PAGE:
Duco Events are part-blaming a lack of Government funding for the $50 price tag to view Joseph Parker's fight against an unheralded Romanian.

Parker will take on Razvan Cojanu on Saturday night - after Brit Hughie Fury pulled out at a late stage - in defence of his WBO heavyweight belt.

The pay-per-view price has draw a slew of criticism online, with comments such as "I'd definitely pay $30 but not $50" and "it's a $20 ppv at most".

While Sky Television is promising to monitor the bout in Auckland for illegal streaming, the fans are saying the price would drive them to view it illegally.


Veitchy on Sport has had a torrent of people complaining about the high price of the fight, compared to the $35 charged for the Anthony Joshua v Wladimir Klitschko fight.

Many are vowing to boycott the event.

One said: "I paid $35 to watch AJ's [Joshua] fight and was super impressed with the spectacle they put on at a sold out Wembley arena, no way am I paying $50 to watch Joe take on a unknown in South Auckland. No way can they justify those costs."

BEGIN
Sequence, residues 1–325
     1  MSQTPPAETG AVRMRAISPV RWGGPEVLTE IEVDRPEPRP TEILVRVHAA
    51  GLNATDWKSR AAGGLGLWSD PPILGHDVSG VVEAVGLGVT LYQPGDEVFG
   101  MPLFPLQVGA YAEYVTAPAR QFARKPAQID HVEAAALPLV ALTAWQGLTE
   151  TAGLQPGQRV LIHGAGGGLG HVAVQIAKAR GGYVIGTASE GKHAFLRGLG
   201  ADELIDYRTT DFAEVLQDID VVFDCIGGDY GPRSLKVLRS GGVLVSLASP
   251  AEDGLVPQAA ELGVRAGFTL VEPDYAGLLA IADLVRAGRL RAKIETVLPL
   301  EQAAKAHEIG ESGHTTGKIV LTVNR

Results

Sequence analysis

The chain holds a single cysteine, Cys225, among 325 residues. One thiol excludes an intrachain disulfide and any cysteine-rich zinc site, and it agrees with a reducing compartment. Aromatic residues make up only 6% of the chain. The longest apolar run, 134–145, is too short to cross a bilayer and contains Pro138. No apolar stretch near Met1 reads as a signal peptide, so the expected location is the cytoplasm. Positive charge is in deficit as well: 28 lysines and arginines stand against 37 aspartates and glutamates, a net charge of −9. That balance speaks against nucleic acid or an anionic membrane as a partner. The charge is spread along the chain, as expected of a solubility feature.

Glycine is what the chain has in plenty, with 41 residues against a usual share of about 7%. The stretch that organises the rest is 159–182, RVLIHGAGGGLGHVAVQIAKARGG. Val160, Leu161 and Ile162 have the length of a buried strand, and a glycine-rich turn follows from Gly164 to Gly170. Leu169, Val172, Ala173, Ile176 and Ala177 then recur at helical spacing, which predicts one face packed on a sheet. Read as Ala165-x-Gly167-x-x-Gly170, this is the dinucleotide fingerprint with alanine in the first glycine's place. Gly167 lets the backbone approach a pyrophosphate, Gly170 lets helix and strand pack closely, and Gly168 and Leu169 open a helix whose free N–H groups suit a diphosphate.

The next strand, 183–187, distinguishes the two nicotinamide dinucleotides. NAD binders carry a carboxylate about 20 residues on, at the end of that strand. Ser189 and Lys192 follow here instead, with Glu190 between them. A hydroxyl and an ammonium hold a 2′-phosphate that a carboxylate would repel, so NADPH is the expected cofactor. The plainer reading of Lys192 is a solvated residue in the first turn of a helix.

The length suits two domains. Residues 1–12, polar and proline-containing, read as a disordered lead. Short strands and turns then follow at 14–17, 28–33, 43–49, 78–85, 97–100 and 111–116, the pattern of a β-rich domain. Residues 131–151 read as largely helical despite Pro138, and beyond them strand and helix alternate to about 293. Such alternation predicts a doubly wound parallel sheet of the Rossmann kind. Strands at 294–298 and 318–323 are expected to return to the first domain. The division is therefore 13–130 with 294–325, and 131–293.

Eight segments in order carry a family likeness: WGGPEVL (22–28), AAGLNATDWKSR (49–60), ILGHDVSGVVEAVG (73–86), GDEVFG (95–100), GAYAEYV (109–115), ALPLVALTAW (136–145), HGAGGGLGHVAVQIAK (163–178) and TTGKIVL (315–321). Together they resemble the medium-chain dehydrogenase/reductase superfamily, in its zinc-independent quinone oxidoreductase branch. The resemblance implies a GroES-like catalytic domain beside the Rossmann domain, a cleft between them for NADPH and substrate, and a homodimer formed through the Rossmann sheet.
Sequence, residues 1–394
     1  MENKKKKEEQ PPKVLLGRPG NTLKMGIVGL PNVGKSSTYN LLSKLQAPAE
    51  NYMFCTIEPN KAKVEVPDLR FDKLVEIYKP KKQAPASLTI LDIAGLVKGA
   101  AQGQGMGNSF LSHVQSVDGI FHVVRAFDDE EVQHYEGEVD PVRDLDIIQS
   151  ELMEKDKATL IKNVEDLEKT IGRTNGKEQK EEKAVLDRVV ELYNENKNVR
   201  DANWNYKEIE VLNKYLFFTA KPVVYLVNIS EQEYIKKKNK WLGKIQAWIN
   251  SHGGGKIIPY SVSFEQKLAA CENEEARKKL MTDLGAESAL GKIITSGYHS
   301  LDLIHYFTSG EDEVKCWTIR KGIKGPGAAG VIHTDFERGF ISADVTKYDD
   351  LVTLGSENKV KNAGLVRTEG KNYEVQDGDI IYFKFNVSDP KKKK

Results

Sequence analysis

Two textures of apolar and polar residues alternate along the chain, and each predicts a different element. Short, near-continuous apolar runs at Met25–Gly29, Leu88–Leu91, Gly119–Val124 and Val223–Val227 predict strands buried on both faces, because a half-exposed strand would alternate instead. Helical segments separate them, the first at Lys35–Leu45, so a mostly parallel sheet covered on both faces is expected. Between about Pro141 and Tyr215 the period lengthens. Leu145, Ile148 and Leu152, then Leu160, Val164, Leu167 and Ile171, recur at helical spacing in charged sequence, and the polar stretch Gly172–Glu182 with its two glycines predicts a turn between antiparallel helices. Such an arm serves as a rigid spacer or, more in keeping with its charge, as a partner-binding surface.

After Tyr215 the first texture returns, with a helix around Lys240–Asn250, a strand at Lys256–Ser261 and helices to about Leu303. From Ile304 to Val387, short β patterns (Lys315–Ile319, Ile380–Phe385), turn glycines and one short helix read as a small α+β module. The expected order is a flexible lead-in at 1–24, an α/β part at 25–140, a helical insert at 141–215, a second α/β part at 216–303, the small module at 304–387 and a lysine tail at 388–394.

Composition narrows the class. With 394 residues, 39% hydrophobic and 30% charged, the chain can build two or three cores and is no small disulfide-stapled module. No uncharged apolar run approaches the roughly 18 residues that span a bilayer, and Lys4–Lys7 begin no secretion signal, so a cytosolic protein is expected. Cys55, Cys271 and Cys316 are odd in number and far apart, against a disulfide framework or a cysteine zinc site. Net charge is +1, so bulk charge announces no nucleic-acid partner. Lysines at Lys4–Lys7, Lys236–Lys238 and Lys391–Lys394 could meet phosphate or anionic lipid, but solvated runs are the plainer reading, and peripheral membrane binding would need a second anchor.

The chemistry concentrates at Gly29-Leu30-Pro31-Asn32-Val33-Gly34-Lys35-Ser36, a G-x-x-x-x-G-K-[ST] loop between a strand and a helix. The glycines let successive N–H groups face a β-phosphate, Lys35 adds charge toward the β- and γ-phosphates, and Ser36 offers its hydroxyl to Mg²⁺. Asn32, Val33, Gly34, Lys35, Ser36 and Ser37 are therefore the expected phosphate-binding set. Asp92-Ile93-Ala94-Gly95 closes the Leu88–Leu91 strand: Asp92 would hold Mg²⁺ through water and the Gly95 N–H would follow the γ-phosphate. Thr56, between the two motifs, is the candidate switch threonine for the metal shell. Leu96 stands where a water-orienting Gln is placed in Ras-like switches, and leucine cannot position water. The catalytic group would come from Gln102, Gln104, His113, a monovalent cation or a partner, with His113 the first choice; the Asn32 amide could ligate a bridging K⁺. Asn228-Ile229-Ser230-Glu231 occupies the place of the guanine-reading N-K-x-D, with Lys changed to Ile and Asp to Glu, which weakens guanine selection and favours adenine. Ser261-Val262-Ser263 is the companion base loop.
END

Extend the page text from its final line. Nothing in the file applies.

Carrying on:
Another said: "Fight someone good and I'll pay, keep fighting bums and I'll find a stream."

Duco's David Higgins told Fairfax that "the people who buy it can feel they've genuinely contributed to funding Joseph's journey.

"Some will complain and whinge about it and others will understand the commercial realities. We don't get any government funding so we don't have a choice.

"It's not all going into the pockets of Dean Lonergan and I whatsoever. It's symptomatic of the costs of running a promotion at this level and pays for Joseph's journey to the world title and staying as holder."

Higgins stressed that the cost is $10 less than for Parker's title fight against Andy Ruiz in December. Anthony Joshua's momentous win over Wladimir Klitschko from Wembley cost New Zealand viewers $35.


Before the Ruiz fight, Sky chief John Fellet told the Herald that Duco controlled of the pricing. He said "the Duco guys are pretty smart" in maximising profit, but admitted to some concerns about prices reach a tipping point.